A year after one of Richmond’s biggest homebuilders filed for Chapter 11 Bankruptcy protection, most of its property has returned to the lenders, and the company has a final plan to finish liquidating.
In 2007, Prospect Homes sold about 190 new homes, bringing in revenue of around $60 million, according to a disclosure statement filed last week in the bankruptcy court along with a liquidation plan. Sales fell 40 percent in 2008, and by 2009, homes were selling for less than the debt owed on those properties, the filing said.
The company lacked adequate funding to complete projects and could not continue to pay its bills because secured lenders had begun on collateral, according to the suit.
Unsecured creditors will not get any money, said Roy Terry, a bankruptcy lawyer at DurretteBradshaw who is representing Prospect Homes. Several Richmond-based companies are owned more than $100,000 each for work such as paving, plumbing and interior finishes on projects Prospect developed in the Richmond area.
But Terry said that the outcome was not as messy for other creditors as it could have been because Joe Audi, Prospect’s president, personally lent the company more than $1 million in so-called Debtor In Possession financing. Audi only got some of that back, Terry said.
“If he (Joe Audi) had just closed the door and walked away, the losses to creditors would have been worse,” Terry said, referring to secured creditors such as banks.
BizSense was unable to reach local banks to determine the size of the losses on their loans to Prospect.
The funds that Audi put into the bankrupt entity helped pay mechanics liens, which in turn allowed a host of local and national banks to more easily take the title and try to sell those properties, Terry said.
“If everything just crashed and burned, then the banks would have dealt with them.”
Audi received some of his DIP financing back when a lawsuit between Prospect and West Broad Village was settled for a payment of $550,000. But Audi has not been fully compensated, Terry said.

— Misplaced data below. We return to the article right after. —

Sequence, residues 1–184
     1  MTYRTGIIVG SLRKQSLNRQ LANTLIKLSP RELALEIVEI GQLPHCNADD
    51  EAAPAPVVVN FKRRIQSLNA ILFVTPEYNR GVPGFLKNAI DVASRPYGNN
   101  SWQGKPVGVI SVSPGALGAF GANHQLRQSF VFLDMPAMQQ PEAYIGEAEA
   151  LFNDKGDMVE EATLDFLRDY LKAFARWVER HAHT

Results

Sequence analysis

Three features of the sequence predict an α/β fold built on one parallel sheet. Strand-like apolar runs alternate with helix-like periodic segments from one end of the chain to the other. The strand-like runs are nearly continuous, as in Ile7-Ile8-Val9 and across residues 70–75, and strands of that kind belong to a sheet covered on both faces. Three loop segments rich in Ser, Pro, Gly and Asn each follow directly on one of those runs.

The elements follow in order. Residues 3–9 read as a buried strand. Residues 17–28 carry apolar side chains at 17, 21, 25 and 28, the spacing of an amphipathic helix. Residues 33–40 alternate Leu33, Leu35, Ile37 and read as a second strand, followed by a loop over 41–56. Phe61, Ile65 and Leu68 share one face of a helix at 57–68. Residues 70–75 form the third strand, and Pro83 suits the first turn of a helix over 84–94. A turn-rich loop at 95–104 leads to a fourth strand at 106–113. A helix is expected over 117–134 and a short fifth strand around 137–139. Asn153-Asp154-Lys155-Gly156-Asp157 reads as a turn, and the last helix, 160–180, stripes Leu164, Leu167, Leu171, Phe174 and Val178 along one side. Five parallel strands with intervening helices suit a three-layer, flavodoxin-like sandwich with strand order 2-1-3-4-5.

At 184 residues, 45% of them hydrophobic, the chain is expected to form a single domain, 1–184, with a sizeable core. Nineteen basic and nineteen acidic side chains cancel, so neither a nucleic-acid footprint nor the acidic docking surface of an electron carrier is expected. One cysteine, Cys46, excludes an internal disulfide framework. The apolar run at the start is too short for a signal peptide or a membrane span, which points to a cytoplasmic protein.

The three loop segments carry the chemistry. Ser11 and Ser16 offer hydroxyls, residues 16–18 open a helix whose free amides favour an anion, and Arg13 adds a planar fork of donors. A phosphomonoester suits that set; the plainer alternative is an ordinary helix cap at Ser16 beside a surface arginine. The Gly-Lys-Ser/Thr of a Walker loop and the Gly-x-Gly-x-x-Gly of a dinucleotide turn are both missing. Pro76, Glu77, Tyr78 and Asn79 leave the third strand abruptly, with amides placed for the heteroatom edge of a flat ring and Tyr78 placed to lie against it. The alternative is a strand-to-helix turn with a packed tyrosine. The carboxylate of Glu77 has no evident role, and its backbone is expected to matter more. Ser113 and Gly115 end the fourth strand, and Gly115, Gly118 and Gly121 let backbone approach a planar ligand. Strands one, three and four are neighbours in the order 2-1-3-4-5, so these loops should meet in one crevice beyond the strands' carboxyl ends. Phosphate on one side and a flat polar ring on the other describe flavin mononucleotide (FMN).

Because much of the collateral was worth less than the loans Prospect had borrowed on the properties, banks may try to sue Audi for the rest of the money they are owed.
And legal wrangling is likely far from over. For example, this week Virginia Business Bank sued Chamberlayne Road Associates, LLC, an entity owned by Prospect, for $884,000 that Prospect was not paying. (You can see the filing here).
Prospect filed for Chapter 11 in June of 2009, hoping to come out as a smaller, leaner company, Terry said.
“We wanted to keep some of the best land and continue to fund building, and to keep some of the best banking relationships,” he said, adding that by the fall of 2009, reorganization seemed less and less likely.
“At the end of the day, none of the lenders had an appetite to keep lending other than a few houses the company was finishing,” Terry said. “No lender wanted to continue.”
The liquidation plan will be sent to creditors, who will vote on it, Terry said.
Banks with secured pre-petition claims:
First Market Bank: $6.4 million
Regions Bank: $4.8 million
BB&T: $3.6 million
C&F Bank: $1.7 million
Franklin Federal: $1.7 million
Fulton Bank: $516,000
Paragon Commercial Bank: $1.2 million
Village Bank: $1.9 million
Va. Commonwealth Bank: $1.5 million
Wachovia: $4.5 million
Other secured claims:
Daniel Newton Plumbing: $38,000
Foxcreek Owners Assoc.: $35,000
The Equipment Leasing Co.: $35,000
Aaron Kremer is the BizSense editor. Please send news tips to [email protected]